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State of California California State Assembly Assemblymember Mark Stone

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Address:   1315 10th St, Sacramento, CA 95814

Official Links:   WEBSITE

Picture of Mark Stone

Assemblymember Mark Stone

CA Assembly 29

In the California State Assembly since 2012, Mark Stone has earned a reputation as a fighter for vulnerable individuals and communities. Key areas of focus for Stone include public safety, foster care, prisons, and the environment.

Currently, Stone serves as chair of the assembly’s judiciary committee, reviewing legislation for a variety of issues including family law, tort liability and immunity, and civil practice. He’s also written laws to protect the civil rights of LGBT+ community members, sexually exploited youths, and immigrants.

Stone won his fifth term in the November 2020 election.


Stone worked as an attorney in the tech industry prior to entering public service. From there, Stone represented the Central Coast in a variety of capacities before his election to the state assembly in 2012.

Stone served two terms on the Santa Cruz County Board of Supervisors and also has served on the Santa Cruz County Regional Transportation Commission, First 5 Commission, and Scotts Valley School Board. In addition, he served as vice chair of the California Coastal Commission. Among his local accomplishments, Stone led a Santa Cruz-area effort to ban single-use plastic bags.

Born in 1957, Stone has a bachelor’s degree from UC Berkeley and a juris doctorate from Santa Clara University. He lives in Scotts Valley with his wife, Kathy, has two adult children, and is an avid open water swimmer, according to his official website.


Banking and Finance
Budget Subcommittee No. 5 on Public Safety
Human Services
Joint Committee, Fisheries and Aquaculture (vice chair)
Judiciary (chair)
Natural Resources
Select Committee, Coastal Protection and Access to Natural Resources (chair)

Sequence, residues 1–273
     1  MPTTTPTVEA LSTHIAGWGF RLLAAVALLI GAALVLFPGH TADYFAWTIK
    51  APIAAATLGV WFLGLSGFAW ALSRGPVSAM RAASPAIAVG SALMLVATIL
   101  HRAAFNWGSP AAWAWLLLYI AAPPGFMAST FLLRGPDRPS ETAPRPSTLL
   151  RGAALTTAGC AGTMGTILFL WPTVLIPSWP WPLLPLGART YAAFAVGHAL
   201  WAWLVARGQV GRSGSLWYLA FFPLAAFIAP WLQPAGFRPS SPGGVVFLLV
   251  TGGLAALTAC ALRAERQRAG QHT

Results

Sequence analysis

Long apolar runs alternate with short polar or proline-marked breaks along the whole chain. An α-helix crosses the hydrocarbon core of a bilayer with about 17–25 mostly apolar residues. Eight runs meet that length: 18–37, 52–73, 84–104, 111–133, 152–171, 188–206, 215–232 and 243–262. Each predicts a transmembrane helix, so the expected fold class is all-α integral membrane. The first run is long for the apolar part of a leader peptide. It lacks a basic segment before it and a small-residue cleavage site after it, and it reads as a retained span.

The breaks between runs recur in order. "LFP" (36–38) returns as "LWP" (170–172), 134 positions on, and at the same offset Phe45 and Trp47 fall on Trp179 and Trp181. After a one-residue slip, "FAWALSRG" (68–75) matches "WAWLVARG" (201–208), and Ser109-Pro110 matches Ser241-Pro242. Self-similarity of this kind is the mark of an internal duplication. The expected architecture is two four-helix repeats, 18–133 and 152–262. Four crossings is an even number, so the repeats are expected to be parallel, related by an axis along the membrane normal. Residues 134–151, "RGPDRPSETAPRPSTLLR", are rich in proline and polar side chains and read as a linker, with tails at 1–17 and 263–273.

Select Legislation

AB 376, the Student Loan Borrower Bill of Rights: A member of Stone’s staff told California Local that this bill would be the first of its kind in the nation. The bill was approved by the governor in September 2020.

AB 436, San Lorenzo River: This law, approved by the governor in 2017, authorizes state funding to help with flood control of the San Lorenzo River, when federal funds weren’t available.

AB 1214, Juvenile proceedings: competency: Stone also authored this law, which increased requirements for competency hearings for juvenile defendants. It was signed into law in September 2018.

District Boundaries and Office Locations

Stone’s district includes sections of Santa Clara, Santa Cruz, and Monterey counties. As such, he has the following offices:

• Capitol office: State Capitol, PO Box 942849, Sacramento, CA 95814. Phone: (916) 319-2029. Fax: (916) 319-2129.

• Santa Cruz County district office: 701 Ocean St, 318-B, Santa Cruz, CA 95060. Phone: (831) 425-1503. Fax: (831) 425-2570.

• Monterey County district office: 99 Pacific St, Suite 575-G, Monterey, CA 93940. Phone: (831) 649-2832. Fax: (831) 649-2935.

• Santa Clara County: Stone doesn’t operate an office within this county, though residents may call district staff at (408) 782-0647.

Related News

California Local Pin Marker From Santa Cruz County Sentinel...

Just days after Assemblyman Mark Stone confirmed he would not run for reelection, the 28th District Assembly race is heating up. At least five candidates had secured nominations: Leslie Dinkin, Liz Lawler, Gail Pellerin, Rob Rennie and Joe Thompson.

California Local Pin Marker From Lookout Local...

Gail Pellerin, a local advocate for voting rights and mental health awareness, is attempting to become the first Santa Cruz area woman to earn an elected seat in state government.

California Local Pin Marker From Santa Cruz Local...

State Assemblymember Mark Stone voted with his colleagues in favor of Senate Bill 9, but he opposed Senate Bill 10. “We’ve been hearing from constituents in favor of both and opposed to both,” Stone said. “Generally they were talked about together even though they’re very different policies with different implications.”
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